Cigarette Smoking Impacts Protocols for Hearing Testing in Baby Boomers and Young Adults

By Ishara Ramkissoon.

Published by The International Journal of Aging and Society

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The current study connects audiology with public health community practices by highlighting the impact of cigarette smoking on auditory function in baby boomers (BB) compared to younger adults. This investigation evaluated prevalence of hearing difficulty, performance of self report (SR) against audiometry, and auditory evoked potentials in 44 participants: BB smokers (N=8), BB nonsmokers (N=13), younger smokers (N=11), and younger nonsmokers (N=12). The results revealed higher prevalence of self reported hearing difficulty in BB smokers (37.5%) and younger smokers (18.2%) compared to nonsmokers (0–13.6%). Also, self report was incongruent with pure tone audiometry because BB smokers and younger smokers overestimated hearing loss compared to nonsmokers. Overall, specificity of the SR measure was highest in nonsmokers (92–100%) compared to smokers (67–82%). However among the BB, high specificity of the SR measure was split by the smoking factor as it was higher in BB nonsmokers (92%) than BB smokers (67%). Sensitivity results were similar to previous studies. In the evoked potential analyses, there was a main effect of Measure but no significant group differences in latency and/or amplitude among the four groups of participants; possibly due to low statistical power. However, the group means suggested a possible pattern of higher amplitudes and shorter latency among the BB smokers. These results will guide future research as it suggests that the combined effects of aging and smoking impact central auditory function in BB smokers, and shorter latency might reflect decreased cortical inhibition associated with aging or faster neural transmission due to smoking. Clinical implications for adult hearing screening protocols including self report and audiometry are discussed for at-risk adults. This will guide current practice for professionals conducting hearing screenings, making referrals, or providing audiological treatment. Implications for public and community health programs that emphasize hearing health promotion are discussed.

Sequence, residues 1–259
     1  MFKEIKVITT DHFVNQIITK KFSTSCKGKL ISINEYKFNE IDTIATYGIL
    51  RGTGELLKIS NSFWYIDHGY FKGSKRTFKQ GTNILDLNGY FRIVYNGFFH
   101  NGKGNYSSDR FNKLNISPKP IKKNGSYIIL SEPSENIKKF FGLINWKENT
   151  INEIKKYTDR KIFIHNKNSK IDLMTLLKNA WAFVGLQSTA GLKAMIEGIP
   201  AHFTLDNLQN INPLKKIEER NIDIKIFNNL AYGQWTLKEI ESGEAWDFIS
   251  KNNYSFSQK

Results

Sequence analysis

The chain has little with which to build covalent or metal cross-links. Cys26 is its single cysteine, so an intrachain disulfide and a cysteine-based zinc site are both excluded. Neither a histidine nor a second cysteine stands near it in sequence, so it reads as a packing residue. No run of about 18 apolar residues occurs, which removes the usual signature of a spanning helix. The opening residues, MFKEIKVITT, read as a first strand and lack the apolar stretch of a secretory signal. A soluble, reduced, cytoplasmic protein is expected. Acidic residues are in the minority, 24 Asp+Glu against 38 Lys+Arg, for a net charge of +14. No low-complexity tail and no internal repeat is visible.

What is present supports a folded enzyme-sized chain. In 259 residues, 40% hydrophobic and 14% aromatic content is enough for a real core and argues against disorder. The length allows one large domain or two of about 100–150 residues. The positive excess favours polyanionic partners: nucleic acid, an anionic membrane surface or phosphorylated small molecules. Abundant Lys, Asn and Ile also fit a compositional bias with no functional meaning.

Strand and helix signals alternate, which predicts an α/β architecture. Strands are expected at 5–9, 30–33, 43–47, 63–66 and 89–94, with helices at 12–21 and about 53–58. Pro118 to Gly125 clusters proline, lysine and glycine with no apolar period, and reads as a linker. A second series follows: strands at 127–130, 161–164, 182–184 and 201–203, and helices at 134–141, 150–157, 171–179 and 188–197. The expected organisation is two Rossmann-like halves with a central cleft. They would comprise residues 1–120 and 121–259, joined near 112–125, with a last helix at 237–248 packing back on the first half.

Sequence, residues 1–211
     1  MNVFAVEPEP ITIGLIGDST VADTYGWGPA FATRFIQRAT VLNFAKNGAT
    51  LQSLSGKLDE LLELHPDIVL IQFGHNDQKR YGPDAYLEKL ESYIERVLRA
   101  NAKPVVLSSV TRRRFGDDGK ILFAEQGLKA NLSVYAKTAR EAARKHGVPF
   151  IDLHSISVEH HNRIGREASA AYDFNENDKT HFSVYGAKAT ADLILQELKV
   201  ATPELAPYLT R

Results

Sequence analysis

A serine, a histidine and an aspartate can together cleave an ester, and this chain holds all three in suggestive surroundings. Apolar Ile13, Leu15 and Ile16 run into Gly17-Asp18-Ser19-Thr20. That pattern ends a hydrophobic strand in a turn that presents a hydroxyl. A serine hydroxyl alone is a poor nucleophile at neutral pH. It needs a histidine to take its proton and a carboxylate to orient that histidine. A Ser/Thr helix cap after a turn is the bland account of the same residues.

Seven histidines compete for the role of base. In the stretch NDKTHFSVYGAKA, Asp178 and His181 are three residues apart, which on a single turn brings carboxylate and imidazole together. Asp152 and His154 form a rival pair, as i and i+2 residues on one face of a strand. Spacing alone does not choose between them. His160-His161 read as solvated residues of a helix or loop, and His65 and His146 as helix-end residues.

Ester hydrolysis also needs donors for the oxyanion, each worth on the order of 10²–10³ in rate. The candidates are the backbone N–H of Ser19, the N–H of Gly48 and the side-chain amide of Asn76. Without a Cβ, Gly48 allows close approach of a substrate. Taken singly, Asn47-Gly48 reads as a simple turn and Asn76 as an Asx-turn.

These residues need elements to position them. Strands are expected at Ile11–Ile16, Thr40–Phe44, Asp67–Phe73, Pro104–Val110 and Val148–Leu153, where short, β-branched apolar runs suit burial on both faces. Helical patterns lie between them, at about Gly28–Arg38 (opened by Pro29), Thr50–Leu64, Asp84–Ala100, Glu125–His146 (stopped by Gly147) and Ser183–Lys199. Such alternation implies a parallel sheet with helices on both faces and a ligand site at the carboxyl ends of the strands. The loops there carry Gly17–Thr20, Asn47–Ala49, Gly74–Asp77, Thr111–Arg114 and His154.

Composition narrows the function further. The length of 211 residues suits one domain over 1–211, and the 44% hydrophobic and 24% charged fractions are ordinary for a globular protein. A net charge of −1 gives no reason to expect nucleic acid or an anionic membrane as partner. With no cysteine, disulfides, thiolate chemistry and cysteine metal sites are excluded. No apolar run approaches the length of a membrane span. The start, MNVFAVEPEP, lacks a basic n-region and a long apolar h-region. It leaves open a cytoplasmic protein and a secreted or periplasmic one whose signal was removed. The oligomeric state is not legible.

Keywords: Smoking, Self Report, Evoked Potentials, Health Promotion, Hearing Screening, Baby Boomers

Aging and Society: An Interdisciplinary Journal, Volume 1, Issue 1, pp.75-86. Article: Print (Spiral Bound). Article: Electronic (PDF File; 576.688KB).

Dr. Ishara Ramkissoon

Assistant Professor, Department of Speech Pathology & Audiology , College of Allied Health Professions, University of South Alabama, Mobile, Alabama, USA

Ishara Ramkissoon is an Assistant Professor in the Department of Speech Pathology and Audiology at the University of South Alabama. Dr. Ramkissoon received her Ph.D. in 2005 from the University of Illinois where she also served as a doctoral student member of the Initiative on Aging. She is a certified audiologist with extensive clinical experience in medical and community audiology practice in South Africa and the United States. Dr. Ramkissoon teaches graduate (Au.D.) audiology classes. Her main areas of research are Aging, Multicultural Issues, and Health Disparities. Dr. Ramkissoon has presented her research at national and international conferences, and published in leading journals. Her professional service beyond the departmental level highlights national and international activities including reviews of manuscripts and books, American Speech Language Hearing Assoc. activities such as review of articles and grant proposals, and member of the Board of Trustees for Mercy Medical in Alabama. She is a current member of the Gerontology Research Network and the Health Disparities Research Group at the University of South Alabama, engaging in cross-disciplinary research and community-based health promotion initiatives.